Southeastern U.S. Sites
SOUTHEASTERN U.S. SITES include regions within the Carolinas, Southern Virginia, Georgia, and Florida. Sites in the southeast typically have sandy or clay-rich soils subject to drought. These characteristics necessitate a slightly different approach to native plant establishment.
Examples of SOUTHEASTERN SITES:
- Coastal plain soils
- Piedmont and sandy soils
- Mountain areas (refer to the Upland & Meadow Sites guide)
Eradicate existing vegetation by having a licensed spray technician apply an approved herbicide; i.e., glyphosate (Roundup®), or tilling the weeds into the soil. Good pre-seeding weed control may require spraying two applications of glyphosate (at least two weeks apart). Close mowing two weeks prior to spraying is recommended to stimulate weed growth. Glyphosate must be applied to vegetative growth in order to kill undesirable plants and their roots. The second application is needed only if the first application is insufficient. If excess dead plant material remains on the surface, burning or tilling may be necessary to achieve good seed-to-soil contact and sunlight penetration.
Sandy soils behave differently under cultivation than those containing clays. It is essential to plant into a firm seedbed, with a seed drill if possible, at a depth of 1/2” (Eastern Gamagrass should be planted at a depth of 1”). Truax drills can accommodate a variety of seeds and have been proven to be effective in the Southeast. Broadcasting seed is less effective due to the lack of seed-to-soil contact resulting from the sand content of the soil. Seedbeds should be firmed to the point where one does not sink past the sole of their shoe when traversing the prepared site. Soil amendments can be added, as necessary, to maintain proper levels of organic matter and to achieve a pH of at least 6.0.
Soils containing high clay levels can be as hard as concrete, often without topsoil, and pose a formidable challenge to successful cultivation. These soils are extremely low in organic matter, which allows the small clay particles to settle and become compacted after a rain event. This soil is often iron rich, leading to a distinctive red coloration. Organic matter must be added to this soil in order to prevent the clay from hardening after rain events, to the point where emergent seedlings will be unable to push through the soil surface. Organic matter, such as straw, compost, mulch, leaf litter, etc., must be added in order to increase soil organics to at least 1%. The organics must be worked into the top-most soil prior to planting using a tiller, harrow, disk, or similar implement. Cultivating the top 6”-8” of soil will aid in root development of emergent seedlings, and will allow some percolation of rain water that would otherwise run off the surface with little to no infiltration, likely carrying the seed away with it. These initial preparations are critical to the successful establishment of native plants in this challenging soil. Drilling seed at a depth of 1/4”-1/2” is the preferred method of planting, as soil compaction is minimized. Even with the addition of organic matter, this clay-rich soil will compact easily; therefore, operation of heavy equipment over the planted site should be avoided.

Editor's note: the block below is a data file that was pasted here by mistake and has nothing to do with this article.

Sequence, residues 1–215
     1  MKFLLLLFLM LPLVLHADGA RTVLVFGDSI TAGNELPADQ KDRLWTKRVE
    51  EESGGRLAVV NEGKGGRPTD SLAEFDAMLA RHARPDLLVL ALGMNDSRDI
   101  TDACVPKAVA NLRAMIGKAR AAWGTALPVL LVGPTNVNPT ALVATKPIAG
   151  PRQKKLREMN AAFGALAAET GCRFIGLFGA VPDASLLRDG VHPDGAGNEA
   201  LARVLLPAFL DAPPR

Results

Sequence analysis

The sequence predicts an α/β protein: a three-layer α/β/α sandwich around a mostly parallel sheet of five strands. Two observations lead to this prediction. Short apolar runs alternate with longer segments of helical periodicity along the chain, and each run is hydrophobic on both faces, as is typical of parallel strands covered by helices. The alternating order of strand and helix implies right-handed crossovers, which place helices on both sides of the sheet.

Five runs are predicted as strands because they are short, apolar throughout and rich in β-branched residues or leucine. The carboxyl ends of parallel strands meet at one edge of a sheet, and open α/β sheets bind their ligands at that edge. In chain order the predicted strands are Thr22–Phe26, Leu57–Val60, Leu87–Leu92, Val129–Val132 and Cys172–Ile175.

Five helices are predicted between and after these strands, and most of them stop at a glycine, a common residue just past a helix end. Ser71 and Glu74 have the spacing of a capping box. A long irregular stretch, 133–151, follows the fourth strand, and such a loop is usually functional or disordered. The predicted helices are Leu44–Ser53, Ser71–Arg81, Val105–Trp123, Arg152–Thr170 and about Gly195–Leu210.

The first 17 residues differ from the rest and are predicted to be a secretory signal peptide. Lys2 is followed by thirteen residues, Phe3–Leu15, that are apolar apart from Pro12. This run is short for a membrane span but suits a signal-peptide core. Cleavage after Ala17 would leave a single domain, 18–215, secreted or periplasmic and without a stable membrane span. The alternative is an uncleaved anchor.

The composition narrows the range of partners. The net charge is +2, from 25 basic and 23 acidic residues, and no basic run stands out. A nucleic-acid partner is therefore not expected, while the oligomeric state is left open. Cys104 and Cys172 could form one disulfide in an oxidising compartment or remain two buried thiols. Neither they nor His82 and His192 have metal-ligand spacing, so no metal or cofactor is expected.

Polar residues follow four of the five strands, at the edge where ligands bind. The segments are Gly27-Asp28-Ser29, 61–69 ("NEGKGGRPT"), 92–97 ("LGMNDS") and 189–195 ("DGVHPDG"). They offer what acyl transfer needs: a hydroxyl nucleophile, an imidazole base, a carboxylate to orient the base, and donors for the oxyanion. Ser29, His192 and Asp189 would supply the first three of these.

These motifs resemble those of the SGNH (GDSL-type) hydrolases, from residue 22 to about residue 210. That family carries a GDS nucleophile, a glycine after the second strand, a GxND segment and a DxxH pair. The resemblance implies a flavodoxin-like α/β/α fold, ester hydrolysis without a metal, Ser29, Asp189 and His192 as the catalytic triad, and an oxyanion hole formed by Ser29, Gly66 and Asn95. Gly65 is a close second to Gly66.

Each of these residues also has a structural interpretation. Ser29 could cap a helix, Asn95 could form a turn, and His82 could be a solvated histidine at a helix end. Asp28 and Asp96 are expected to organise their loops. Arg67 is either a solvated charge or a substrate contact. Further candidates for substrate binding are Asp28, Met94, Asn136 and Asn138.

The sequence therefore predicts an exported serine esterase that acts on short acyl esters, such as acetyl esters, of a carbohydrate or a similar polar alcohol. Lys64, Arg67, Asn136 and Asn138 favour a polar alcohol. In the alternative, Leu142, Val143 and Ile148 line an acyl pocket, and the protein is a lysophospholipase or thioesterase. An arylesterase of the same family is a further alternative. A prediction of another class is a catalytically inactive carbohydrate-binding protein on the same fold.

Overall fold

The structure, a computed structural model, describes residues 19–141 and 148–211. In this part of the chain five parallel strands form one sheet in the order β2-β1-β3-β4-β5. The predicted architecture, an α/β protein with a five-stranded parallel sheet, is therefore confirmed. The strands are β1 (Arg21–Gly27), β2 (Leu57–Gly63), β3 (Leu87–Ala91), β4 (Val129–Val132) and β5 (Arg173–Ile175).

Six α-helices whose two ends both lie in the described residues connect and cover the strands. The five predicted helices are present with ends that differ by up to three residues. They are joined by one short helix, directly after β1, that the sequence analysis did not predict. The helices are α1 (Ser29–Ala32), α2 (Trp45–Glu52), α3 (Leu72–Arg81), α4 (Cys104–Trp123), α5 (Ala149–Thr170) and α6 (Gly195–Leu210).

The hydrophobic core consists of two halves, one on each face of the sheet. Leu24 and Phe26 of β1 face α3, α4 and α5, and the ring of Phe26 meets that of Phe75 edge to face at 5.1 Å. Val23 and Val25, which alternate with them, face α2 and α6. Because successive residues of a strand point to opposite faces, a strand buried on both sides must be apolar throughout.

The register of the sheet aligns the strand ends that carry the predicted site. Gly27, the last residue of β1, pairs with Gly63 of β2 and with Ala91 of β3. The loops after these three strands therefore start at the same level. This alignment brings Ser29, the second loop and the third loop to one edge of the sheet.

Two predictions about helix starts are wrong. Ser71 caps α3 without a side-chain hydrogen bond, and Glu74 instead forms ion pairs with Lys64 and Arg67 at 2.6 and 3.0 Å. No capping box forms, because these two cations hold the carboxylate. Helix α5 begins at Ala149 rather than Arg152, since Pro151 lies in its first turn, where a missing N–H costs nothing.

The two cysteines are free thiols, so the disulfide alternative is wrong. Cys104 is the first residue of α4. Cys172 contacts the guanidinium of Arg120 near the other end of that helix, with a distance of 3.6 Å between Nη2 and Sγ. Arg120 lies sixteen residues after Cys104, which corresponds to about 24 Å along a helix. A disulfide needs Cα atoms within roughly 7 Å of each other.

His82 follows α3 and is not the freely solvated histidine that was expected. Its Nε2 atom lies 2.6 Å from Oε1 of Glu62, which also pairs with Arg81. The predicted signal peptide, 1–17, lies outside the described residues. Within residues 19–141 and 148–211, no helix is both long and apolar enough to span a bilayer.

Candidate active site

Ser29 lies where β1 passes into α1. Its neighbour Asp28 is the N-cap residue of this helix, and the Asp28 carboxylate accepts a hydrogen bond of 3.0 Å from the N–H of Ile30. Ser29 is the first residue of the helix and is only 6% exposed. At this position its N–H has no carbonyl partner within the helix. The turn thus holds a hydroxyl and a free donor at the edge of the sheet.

Habitat: Southeastern sites have a longer growing season; therefore, plants native or adapted to the region should be chosen. Planting from January through March is ideal whenever possible, as temperature is adequate and rain events are frequent. If irrigation is available, planting can continue into the later months of spring and early summer.
Fertility: With the exception of organic matter, natural fertility on these sites is generally adequate. Check your soil pH and add lime, if necessary, to achieve a pH of at least 6.0.
Seeding Method: Drilling seed is recommended; however, broadcasting is an alternative preceded with rolling or tracking.
After establishment, weed control and site maintenance practices in the Southeast are similar to those listed for northeastern sites. Use caution when applying herbicides over low-organic soils (clay or sand rich). The chemical breakdown of many herbicides is achieved via soil microbes, which generally feed off of organic material. With less organic material available in the soil, there will be a smaller population of microbes, which may result in longer periods of exposure to active ingredients within herbicides. Begin with lower than recommended concentrations of herbicides for weed control to avoid burning a valued crop when working in soils with low organic levels and high sand levels.